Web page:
The Telegraph
Since 1st March, 1999
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Abu bombshell on BSE

Mumbai/Jalgaon, Nov. 20: Abu Salem may be behind bars, but his name can still send a shiver down the spine of Bombay Stock Exchange. At least, so reckoned schoolteacher Rahul Omkar Sonar.

The seat of the country’s financial might, bombed by the don’s men 12 years ago, was stunned to receive this e-mail on Friday: “Abu Salem ki giraftari ko yeh pehli salami hain. Hamara manavi bomb waha pahunch chuka hain (Here’s the first salute for the arrest of Abu Salem. Our human bomb has already reached there).”

But police quickly traced the mail to Varangaon in Jalgaon district, and 28-year-old Sonar’s plan to spread panic in the bourse and make a quick buck went up in smoke.

A teacher with a zilla parishad school, Sonar ran a company called Reliable Shares on the side, helping people make small investments in the stock market. He had figured his threat would bring share prices crashing, enabling him to buy them cheap and sell them at a higher rate later, the police said.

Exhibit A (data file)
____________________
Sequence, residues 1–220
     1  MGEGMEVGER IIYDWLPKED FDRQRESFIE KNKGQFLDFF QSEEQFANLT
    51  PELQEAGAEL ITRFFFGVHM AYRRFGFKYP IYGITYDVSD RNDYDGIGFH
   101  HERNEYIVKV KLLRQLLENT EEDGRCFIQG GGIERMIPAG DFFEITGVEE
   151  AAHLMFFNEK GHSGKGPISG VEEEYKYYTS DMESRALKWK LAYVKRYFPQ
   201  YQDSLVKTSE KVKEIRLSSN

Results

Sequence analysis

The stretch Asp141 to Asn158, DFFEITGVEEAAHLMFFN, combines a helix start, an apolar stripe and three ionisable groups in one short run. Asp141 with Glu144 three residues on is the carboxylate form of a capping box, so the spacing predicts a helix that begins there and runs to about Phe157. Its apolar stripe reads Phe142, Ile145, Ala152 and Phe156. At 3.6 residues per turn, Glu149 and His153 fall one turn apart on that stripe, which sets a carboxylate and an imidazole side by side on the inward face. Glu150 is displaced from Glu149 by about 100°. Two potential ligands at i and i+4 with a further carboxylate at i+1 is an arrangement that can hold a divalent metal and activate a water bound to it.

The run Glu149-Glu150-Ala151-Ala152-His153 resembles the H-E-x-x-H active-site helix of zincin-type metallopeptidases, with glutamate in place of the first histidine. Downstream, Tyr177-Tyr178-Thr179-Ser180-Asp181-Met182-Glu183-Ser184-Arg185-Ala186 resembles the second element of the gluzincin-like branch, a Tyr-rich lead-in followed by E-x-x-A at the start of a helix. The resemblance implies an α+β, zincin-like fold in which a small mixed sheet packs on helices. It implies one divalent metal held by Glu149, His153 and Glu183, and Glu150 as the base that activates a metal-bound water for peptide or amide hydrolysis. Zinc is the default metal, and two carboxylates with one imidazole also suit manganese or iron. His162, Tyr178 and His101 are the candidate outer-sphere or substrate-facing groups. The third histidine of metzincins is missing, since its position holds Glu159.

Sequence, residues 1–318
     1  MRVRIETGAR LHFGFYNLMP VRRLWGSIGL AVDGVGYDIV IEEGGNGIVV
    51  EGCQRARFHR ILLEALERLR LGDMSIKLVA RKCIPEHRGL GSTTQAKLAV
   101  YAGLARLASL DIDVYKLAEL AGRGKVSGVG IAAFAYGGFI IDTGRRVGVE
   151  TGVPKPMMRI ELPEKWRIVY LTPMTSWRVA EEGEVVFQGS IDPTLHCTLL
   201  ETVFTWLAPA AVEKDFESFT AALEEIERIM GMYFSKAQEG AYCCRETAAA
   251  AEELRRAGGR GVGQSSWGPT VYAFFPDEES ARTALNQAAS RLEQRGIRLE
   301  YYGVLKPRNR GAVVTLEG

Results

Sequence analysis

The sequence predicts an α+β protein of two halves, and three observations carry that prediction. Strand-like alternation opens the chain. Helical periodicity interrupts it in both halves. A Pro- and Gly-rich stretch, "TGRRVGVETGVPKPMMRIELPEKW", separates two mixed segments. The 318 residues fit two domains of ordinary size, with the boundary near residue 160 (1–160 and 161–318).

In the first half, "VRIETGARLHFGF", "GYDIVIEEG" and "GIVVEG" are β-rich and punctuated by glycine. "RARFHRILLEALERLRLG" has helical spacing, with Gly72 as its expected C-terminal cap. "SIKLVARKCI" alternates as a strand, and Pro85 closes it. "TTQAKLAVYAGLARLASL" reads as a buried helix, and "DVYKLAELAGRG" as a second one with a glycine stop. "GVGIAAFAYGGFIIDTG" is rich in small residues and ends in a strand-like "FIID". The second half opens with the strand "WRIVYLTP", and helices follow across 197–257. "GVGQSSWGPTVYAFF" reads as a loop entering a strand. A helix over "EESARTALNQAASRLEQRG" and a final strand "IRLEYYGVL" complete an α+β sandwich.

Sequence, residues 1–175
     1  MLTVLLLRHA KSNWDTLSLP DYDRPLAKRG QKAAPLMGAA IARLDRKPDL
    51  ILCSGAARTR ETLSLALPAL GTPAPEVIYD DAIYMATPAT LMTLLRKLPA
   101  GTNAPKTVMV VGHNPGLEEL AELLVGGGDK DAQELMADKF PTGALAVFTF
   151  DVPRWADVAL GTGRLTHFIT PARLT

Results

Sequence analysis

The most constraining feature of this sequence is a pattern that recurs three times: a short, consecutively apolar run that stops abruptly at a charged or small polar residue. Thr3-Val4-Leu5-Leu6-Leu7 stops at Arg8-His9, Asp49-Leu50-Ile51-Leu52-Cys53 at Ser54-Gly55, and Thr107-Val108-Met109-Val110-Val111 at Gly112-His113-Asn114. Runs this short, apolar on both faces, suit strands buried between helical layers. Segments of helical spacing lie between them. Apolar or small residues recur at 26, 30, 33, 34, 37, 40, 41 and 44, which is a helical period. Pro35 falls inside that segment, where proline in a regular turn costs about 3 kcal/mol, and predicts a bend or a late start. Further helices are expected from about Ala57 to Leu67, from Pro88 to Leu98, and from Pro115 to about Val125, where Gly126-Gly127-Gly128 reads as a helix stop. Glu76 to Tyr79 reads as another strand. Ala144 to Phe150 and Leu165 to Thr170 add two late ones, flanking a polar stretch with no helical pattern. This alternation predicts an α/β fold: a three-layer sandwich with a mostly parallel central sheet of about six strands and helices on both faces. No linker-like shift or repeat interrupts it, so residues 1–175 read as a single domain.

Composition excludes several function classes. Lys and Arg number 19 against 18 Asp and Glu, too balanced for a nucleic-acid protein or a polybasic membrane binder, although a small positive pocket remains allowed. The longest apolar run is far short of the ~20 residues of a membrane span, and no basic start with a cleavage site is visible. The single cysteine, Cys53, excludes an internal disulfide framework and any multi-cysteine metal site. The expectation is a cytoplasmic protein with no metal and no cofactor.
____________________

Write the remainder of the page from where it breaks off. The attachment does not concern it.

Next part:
Sonar, detained by the Jalgaon police for questioning yesterday, was being brought to Mumbai tonight. He told interrogators he had used the don’s name because “it would scare a large number of people since Salem is currently a hot issue,” a police source said.

The police dismissed any link between Sonar and Salem. They wouldn’t confirm whether the man had a hand in a hoax bomb threat made to the bourse on Thursday, when sniffer dogs had been called into the 30-storey building.

The market was unaffected by either threat, with the sensex continuing its climb. The BSE has taken terror strikes, riots and natural disasters in its stride, blanching only before political changes.

The sensex slipped 12 points after the Babri demolition and 11 after 9/11 ' and rose by 2 the day of the 1993 Bombay blasts. But after the Left-backed UPA won the 2004 polls, it fell 565 points.

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